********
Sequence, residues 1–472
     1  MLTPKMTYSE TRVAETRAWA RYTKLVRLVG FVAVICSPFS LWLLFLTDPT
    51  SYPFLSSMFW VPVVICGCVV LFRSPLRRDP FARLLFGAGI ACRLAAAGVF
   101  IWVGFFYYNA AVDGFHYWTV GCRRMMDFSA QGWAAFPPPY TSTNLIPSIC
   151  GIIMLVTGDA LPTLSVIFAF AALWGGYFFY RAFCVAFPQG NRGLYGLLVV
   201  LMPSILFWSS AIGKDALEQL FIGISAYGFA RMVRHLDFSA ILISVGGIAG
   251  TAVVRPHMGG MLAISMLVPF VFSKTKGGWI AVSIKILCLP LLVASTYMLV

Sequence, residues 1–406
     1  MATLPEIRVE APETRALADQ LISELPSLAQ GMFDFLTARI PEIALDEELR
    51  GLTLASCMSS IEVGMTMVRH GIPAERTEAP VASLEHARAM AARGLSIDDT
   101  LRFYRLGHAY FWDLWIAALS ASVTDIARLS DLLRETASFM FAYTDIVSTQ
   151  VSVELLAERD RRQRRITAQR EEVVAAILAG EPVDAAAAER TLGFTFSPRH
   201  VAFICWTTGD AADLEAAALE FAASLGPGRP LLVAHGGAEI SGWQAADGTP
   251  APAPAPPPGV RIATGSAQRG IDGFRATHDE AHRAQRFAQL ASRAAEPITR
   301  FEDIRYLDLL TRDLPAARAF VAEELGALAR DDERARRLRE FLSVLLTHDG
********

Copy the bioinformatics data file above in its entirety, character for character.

Sequence, residues 1–472
     1  MLTPKMTYSE TRVAETRAWA RYTKLVRLVG FVAVICSPFS LWLLFLTDPT
    51  SYPFLSSMFW VPVVICGCVV LFRSPLRRDP FARLLFGAGI ACRLAAAGVF
   101  IWVGFFYYNA AVDGFHYWTV GCRRMMDFSA QGWAAFPPPY TSTNLIPSIC
   151  GIIMLVTGDA LPTLSVIFAF AALWGGYFFY RAFCVAFPQG NRGLYGLLVV
   201  LMPSILFWSS AIGKDALEQL FIGISAYGFA RMVRHLDFSA ILISVGGIAG
   251  TAVVRPHMGG MLAISMLVPF VFSKTKGGWI AVSIKILCLP LLVASTYMLV

Sequence, residues 1–406
     1  MATLPEIRVE APETRALADQ LISELPSLAQ GMFDFLTARI PEIALDEELR
    51  GLTLASCMSS IEVGMTMVRH GIPAERTEAP VASLEHARAM AARGLSIDDT
   101  LRFYRLGHAY FWDLWIAALS ASVTDIARLS DLLRETASFM FAYTDIVSTQ
   151  VSVELLAERD RRQRRITAQR EEVVAAILAG EPVDAAAAER TLGFTFSPRH
   201  VAFICWTTGD AADLEAAALE FAASLGPGRP LLVAHGGAEI SGWQAADGTP
   251  APAPAPPPGV RIATGSAQRG IDGFRATHDE AHRAQRFAQL ASRAAEPITR
   301  FEDIRYLDLL TRDLPAARAF VAEELGALAR DDERARRLRE FLSVLLTHDG